To donate to Iraqi Christians, just click on the image below.

Support Iraqi Christians

 
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Reflecting Over the Last Year

Part of human nature at times is concentrating on what we don’t have, instead of seeing what we do, or how far we’ve come. As a group of people who prepare for the “what if’s,” Prepper’s can easily fall into this, as we see everything we’re still not prepared for.

This last six weeks of the year, among other things, is a time for giving thanks and reflecting over the last year. On a long journey, when concentrating on putting one foot in front of the other, it can be hard to tell how far you’ve come until you take time to look back. With that in mind, I highly suggest you take some time to look back and see how far along you’ve come in your mindset, your finances, your plans and your physical preps and, most importantly, your walk with the Lord.

To give you some idea of what I mean, here is part of my list:

I’m working! Last year at this time, I had been unemployed for several months. This means bills are still being paid, we have health insurance and, while we have had our savings depleted due to the unemployment, a new furnace and health issues for us and the dogs, we’ll soon be debt free again and be able to start saving.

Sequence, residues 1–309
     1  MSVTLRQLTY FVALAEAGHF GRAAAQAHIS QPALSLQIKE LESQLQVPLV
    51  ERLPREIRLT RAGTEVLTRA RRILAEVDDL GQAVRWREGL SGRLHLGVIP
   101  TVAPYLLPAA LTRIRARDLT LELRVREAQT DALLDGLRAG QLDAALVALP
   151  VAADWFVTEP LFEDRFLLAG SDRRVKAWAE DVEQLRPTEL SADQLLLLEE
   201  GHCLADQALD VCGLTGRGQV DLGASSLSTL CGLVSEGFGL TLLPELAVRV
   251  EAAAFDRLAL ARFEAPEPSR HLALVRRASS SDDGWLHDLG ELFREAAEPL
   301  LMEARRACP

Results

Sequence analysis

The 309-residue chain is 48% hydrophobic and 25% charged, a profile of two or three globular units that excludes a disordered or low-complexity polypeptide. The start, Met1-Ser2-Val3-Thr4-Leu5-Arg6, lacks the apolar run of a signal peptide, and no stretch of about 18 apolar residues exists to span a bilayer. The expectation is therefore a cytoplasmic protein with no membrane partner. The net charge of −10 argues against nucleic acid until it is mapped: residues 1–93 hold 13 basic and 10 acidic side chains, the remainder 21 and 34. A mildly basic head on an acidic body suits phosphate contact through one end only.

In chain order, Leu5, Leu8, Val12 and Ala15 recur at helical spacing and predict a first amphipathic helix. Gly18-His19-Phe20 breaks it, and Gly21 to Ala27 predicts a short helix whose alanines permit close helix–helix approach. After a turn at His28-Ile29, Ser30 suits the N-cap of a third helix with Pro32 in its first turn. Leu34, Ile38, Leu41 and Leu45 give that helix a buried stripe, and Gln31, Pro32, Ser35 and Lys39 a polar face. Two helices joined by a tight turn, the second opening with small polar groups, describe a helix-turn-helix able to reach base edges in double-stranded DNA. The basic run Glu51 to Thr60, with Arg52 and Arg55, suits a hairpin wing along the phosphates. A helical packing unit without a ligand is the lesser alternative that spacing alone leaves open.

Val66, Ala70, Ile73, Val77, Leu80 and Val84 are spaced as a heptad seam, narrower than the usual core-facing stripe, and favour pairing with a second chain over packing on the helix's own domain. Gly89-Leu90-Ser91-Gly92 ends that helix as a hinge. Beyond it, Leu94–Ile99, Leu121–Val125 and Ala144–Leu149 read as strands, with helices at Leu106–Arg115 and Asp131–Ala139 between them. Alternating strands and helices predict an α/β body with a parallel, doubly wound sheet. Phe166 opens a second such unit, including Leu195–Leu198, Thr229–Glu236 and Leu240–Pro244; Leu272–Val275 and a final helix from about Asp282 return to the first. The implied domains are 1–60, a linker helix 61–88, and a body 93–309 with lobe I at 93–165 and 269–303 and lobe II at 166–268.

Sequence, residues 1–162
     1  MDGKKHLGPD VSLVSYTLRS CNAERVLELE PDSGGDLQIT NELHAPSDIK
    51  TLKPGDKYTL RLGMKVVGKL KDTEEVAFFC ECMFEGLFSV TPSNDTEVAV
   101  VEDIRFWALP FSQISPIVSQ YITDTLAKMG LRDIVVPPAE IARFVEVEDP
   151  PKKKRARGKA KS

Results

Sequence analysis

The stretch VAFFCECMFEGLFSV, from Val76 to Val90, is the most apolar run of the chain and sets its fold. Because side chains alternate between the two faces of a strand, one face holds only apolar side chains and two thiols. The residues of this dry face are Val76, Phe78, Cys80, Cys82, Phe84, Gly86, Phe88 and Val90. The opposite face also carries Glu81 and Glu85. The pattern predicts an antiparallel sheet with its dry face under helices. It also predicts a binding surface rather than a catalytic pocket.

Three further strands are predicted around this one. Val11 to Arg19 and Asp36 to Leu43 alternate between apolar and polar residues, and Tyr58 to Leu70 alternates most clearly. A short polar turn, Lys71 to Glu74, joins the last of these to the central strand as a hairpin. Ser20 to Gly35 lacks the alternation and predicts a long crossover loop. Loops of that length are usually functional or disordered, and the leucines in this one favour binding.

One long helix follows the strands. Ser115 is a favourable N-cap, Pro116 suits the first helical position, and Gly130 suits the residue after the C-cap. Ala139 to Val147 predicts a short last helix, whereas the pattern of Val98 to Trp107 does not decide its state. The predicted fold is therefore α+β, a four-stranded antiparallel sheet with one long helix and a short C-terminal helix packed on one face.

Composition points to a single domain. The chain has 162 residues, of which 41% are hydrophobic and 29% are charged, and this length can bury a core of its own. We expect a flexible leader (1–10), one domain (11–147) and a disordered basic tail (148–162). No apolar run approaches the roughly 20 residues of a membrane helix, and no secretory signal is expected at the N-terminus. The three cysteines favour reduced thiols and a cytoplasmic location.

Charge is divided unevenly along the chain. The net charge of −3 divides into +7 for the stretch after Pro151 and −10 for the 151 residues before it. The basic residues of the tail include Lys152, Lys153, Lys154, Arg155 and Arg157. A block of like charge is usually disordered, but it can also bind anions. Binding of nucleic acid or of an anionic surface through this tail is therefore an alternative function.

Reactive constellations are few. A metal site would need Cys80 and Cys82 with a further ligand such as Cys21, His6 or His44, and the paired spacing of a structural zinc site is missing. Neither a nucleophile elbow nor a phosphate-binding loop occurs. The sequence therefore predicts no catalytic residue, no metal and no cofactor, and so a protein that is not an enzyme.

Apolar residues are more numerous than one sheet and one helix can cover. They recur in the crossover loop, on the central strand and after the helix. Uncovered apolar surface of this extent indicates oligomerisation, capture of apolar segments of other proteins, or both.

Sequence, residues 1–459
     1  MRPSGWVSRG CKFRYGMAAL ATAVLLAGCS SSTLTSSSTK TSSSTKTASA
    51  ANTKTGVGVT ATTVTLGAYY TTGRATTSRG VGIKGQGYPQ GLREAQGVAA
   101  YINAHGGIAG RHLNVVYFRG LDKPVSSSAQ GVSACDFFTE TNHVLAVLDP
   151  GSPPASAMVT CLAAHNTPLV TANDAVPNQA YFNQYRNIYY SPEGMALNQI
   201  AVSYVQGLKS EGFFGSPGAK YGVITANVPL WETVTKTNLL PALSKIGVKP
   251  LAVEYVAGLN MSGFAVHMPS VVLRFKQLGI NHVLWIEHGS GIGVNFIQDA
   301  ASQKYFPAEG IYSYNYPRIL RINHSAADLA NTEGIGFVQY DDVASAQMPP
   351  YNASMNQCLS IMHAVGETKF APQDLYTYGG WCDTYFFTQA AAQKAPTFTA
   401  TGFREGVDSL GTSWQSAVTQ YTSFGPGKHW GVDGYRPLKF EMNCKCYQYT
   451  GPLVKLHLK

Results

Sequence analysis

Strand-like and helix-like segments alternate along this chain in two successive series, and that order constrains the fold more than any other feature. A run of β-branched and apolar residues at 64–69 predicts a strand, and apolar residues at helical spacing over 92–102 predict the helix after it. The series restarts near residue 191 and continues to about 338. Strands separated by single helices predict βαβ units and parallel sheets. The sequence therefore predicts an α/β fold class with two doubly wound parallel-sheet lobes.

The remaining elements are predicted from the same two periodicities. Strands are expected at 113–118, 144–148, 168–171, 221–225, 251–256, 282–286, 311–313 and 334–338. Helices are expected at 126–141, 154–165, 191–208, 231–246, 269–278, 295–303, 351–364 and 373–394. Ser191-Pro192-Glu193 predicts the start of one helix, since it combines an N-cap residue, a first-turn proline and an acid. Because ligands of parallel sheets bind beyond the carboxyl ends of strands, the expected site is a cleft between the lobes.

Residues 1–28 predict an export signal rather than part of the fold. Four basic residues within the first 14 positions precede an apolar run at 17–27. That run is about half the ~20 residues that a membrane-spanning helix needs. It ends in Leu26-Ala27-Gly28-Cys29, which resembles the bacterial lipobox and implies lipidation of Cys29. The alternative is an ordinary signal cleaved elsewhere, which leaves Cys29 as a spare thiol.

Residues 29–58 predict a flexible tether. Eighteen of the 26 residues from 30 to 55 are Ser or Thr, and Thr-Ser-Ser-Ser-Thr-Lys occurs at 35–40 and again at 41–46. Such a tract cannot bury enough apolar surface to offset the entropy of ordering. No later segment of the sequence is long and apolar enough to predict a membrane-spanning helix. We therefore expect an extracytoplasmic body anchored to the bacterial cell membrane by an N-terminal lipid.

Because money was tight, I wasn’t able to buy many new preps. I was, however, able to barter my services and add some food storage and other goods.

I have spent a lot of time thinking about our country and how things are run. I used to vote down the party line, but came to the realization that the enemy of my enemy is not a voting strategy.

My marriage is stronger. Trudee and I have always had a strong relationship, but this year we grew closer together. If we had an argument, or difference in opinion, we took time to understand the others side, instead of just digging in our heels and not hearing the others point of view. Don’t get me wrong, I am right, she is wrong, (and I let him believe that…even though he KNOWS I proofread every one of his articles! LOL ~Trudee) but at least I know where she is coming from ;) Seriously though, a strong relationship is one of the biggest preps you can have. It makes life easier on the best of days, and bearable on the worst.